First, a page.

Why Talent Alone Is Not Enough

million-150x150I was watching the film Million Dollar Arm, which is about the search for the first Indian athletes to play Major League Baseball, and there was a great leadership lesson in the film.

It’s such an important lesson, I thought I would share it here, because it is often one of the key differences between success and failure.

Many leaders seem to believe that when we bring together talented teams, success is a foregone conclusion. It’s almost as if talent alone is enough for success to be guaranteed.

But the truth is, that as leaders, we need to set up our teams so that they can be successful, even when they are very talented. We need to make sure that the environment is right, that they have everything that they need, that they are well motivated and when we do that we significantly increase the probability of success.

In the film, JB Bernstein travels to India, with a scout, to look for athletes who have the speed and accuracy to be Pitchers in baseball. They are looking for players who can throw the ball over 80mph and who can hit the target, the plate, consistently.

They find two player Dinesh and Rinku with that talent, who they then bring from rural India to the US. This alone is a significant cultural change, as well las taking them away from their friends and family. They are then put up first in a hotel which doesn’t work, and then they stay with JB, but he doesn’t really take a significant interest in them. They receive coaching at University of Southern California but he rarely goes to see them play

It’s as if he believes they have the talent and the process will lead them to success. The process being 9-10 months of coaching followed by a try out for the professional leagues.

Dinesh and Rinku fail to adapt to life in the US, they feel homesick, they don’t really integrate with their team mates, and consequently don’t make the expected progress.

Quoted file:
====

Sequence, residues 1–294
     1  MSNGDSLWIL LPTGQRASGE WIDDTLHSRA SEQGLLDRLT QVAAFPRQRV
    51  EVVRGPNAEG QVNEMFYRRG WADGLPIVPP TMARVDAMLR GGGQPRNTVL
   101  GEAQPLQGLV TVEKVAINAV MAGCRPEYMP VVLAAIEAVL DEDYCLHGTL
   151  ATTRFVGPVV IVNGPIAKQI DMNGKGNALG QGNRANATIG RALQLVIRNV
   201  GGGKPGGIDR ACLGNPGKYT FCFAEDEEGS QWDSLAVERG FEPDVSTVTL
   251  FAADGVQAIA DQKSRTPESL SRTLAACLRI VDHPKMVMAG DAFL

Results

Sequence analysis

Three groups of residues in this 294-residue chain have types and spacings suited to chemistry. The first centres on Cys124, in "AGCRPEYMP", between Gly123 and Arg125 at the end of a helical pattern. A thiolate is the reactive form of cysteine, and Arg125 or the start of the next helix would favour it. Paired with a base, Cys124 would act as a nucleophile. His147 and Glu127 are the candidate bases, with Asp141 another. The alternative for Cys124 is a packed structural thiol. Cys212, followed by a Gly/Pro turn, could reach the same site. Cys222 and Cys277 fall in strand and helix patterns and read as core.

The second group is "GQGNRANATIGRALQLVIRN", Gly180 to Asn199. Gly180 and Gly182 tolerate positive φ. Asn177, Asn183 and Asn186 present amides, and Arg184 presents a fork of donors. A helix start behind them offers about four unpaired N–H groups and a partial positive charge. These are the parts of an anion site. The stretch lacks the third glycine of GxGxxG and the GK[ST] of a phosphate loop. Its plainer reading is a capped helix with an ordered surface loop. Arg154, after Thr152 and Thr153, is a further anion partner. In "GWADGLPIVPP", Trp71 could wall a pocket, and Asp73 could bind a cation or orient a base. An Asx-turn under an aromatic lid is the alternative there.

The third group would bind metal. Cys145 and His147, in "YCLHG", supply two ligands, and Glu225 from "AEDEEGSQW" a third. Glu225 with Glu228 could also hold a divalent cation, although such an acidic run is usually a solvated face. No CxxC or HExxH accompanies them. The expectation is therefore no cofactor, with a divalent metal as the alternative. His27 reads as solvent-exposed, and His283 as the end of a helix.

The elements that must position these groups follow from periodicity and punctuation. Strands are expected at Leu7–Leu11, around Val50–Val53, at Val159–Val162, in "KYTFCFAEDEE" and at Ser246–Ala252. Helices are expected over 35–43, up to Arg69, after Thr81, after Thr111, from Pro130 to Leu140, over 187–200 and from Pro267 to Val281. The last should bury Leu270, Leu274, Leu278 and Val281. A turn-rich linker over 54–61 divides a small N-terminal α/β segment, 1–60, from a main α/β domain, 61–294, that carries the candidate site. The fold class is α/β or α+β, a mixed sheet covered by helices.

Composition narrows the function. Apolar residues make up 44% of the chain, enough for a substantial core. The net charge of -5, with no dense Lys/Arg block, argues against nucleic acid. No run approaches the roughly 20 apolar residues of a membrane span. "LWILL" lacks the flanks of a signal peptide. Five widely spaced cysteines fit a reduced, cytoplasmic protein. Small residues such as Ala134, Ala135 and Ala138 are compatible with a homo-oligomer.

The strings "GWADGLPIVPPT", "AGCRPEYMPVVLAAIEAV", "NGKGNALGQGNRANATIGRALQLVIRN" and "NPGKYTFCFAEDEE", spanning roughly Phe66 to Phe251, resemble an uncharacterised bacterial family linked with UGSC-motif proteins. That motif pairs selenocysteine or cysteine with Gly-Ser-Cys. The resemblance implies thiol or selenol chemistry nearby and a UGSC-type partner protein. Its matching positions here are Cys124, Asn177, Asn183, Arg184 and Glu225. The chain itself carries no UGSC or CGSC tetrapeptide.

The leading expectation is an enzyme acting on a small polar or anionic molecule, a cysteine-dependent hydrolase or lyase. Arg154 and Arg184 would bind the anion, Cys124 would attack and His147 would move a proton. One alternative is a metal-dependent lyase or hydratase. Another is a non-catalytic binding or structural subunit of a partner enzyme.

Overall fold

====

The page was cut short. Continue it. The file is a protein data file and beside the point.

JB ignores all of this information and still organises the tryouts.

To compound matters the tryouts and done in a completely alien environment, not at the college where they training, but in an artificial environment set up in a car park.

Result? They fail!

They do not even show a fraction of the talent they had at the start, let alone after 9 months of coaching and training.

Both Dinesh and Rinku are despondent, feeling that they have let JB down.

It’s at this point that JB sees that the reality is this, it’s not them that has failed, but him.

He has let them down. He has just left them with their talents to succeed or fail. He has not put them in the best position to be successful.

So now he looks to rectify his mistakes. He looks to make them feel more at home in his home, and more connected with him. He attends their trainings, ensures that they have fun and are actually enjoying the process.

He organises a second tryout, but this time instead of it being in an alien environment he holds it at their training facility. Now they feel comfortable and relaxed, they are in a familiar environment, so less stress.

The result? Success.

Both of them pitch the ball at over 90mph, and with accuracy. Not only do they show their natural talents, but they show the benefits of the coaching which has now taken them to a level where they are good enough to play in the Major League.

Why were they successful? Because their leader had taken the time to set them up for success. He had put them into a safe environment, one where they could thrive and demonstrate their abilities to the maximum extent.

As leaders if we want our teams to be successful, then we must do the same!

Teams and individuals succeed in the right environments, ones which allows their talents to flourish.

Even the most talented struggle when they are just thrown in the deep end with little or no leadership support.

I highly recommend the film as it really does a great job of demonstrating both what not to do, and also what to do, in order to be successful.

If you’d like to know more about setting your team up for success, then email me at gordon@leadershp-principles.com where we can look to arrange a strategy session.

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